I usually tell people off who do this and have even gone so far as to push a few out of the way, telling them point blank that *I* was there first, that I will NOT allow them to cut in front of me, and they should wait their turn like anyone else. Idiots!

Sorry this happend to you! Nothing like some rude, selfish bitch to spoil your day!

Thanks dear T! It is one of my biggest pet peeves too. It is just as you point out - I also put this down to some awfully brought up people. There are times when people politely ask that they have a couple of items and I always (almost) let them go ahead but this woman today really took advantage.

As you put it so nicely - there really is nothing like some rude, selfish cow to spoil my day.


Hope you are better too.

Oh, this is frustrating! My biggest petpeeve must be queue dodging. I feel for you, darling.

Poor N (((hugs))). This kind of thing would (almost) never happen in Britain or in Russia. :-) As far as I can tell so far, Americans seem to be rather queue-abiding people as well...

Hope your day got better!!
N, In my small town there aren't enough queues to bother dodging them :-)

At the deli counter at my local supermarket yesterday, when the person behind the counter asked who was next, everyone looked at everyone else -- "I think it was you", "No, I think it was you", etc. I knew I was last to arrive but was tempted to place my order while everyone fell over each other being polite.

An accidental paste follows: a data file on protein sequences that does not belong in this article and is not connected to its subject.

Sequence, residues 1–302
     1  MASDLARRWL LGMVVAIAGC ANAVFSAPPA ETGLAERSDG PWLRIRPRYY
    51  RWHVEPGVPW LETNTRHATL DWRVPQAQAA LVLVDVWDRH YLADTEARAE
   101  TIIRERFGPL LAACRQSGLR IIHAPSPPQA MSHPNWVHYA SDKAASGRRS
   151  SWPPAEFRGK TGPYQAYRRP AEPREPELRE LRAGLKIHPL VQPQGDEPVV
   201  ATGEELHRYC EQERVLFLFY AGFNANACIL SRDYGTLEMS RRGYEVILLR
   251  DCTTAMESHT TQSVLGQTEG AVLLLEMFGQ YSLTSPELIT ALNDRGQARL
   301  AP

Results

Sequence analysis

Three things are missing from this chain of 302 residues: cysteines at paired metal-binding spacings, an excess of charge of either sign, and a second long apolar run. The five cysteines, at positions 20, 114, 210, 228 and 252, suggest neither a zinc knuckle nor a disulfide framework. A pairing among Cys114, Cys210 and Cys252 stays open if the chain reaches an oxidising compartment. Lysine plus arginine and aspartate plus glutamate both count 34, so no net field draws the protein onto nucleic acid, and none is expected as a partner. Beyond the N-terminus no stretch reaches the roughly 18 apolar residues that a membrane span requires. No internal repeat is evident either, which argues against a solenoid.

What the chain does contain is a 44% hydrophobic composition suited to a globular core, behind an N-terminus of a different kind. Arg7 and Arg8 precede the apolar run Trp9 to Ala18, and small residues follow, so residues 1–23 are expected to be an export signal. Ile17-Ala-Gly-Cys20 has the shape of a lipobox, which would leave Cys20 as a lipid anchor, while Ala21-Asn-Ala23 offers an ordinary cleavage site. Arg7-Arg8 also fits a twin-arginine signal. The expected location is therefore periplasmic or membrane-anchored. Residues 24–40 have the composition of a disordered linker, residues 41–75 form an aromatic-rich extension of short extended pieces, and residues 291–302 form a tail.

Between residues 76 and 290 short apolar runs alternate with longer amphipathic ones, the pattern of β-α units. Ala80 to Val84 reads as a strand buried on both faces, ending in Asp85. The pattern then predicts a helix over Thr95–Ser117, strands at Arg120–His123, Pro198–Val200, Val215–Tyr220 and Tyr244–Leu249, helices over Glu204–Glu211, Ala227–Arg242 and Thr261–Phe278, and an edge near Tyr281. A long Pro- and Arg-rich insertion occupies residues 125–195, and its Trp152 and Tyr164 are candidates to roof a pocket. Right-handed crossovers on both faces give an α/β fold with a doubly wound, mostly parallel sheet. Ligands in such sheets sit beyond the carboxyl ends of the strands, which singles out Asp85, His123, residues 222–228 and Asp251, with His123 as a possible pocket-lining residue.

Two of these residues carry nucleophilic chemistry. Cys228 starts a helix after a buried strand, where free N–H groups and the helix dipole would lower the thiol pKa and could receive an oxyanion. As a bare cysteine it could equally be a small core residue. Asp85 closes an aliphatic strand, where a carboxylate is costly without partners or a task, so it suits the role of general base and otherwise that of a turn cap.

Hello and thanks M! You are right - British (maybe whatever I add) but they are queue abiding and I am certain that Russians are similar.

Did my day get better? Well I slept off my anger.
Guess what I went to the post office and a woman came from behind me and asked me if I was waiting in the queue - now what exactly would I be doing in the post office queue with packages??? Are they blind too? Well at least she asked and did not walk past me - I was in the mood to hit people. I was rather curt and replied "OUI"

Hello R! You are so lucky I cannot tell you. I never had that problem anywhere else but here in Paris. It is something that is treated like a game. Politeness? Here? Forget it! I have become really aggressive and just push my way around but NEVER jump queues.

LOL about the deli counter scenario - how cool is that? However too much of politeness or overpoliteness can get on my nerves too. People are like that in Knokke too where my inlaws live.

Darling V! I did not see your post till just now!
You are so right - it is utterly frustrating - any variety.

Hope you are well.

I hate line-jumpers too. It always happens on the train platform, when I've been waiting for a door to open, that some punk will step right in front of me, as if we're not all waiting for the same door to open. Jerks!

But I confess, I also have a problem with needless liner-uppers. People are so used to waiting in lines that sometimes they will form lines in situations where no lines are needed. For example, when I went to Graceland, at the end of the tour, people had formed a giant, shuffling line to see Elvis's grave, but the fact is that the tour guide kept telling us not to make a line, that we were free to mill about as we pleased. But people kept standing in line. It drove me nuts. I eventually just strolled out of it and walked past everyone. I'm sure some of them thought I was a rude bastard...and maybe I am. ;-)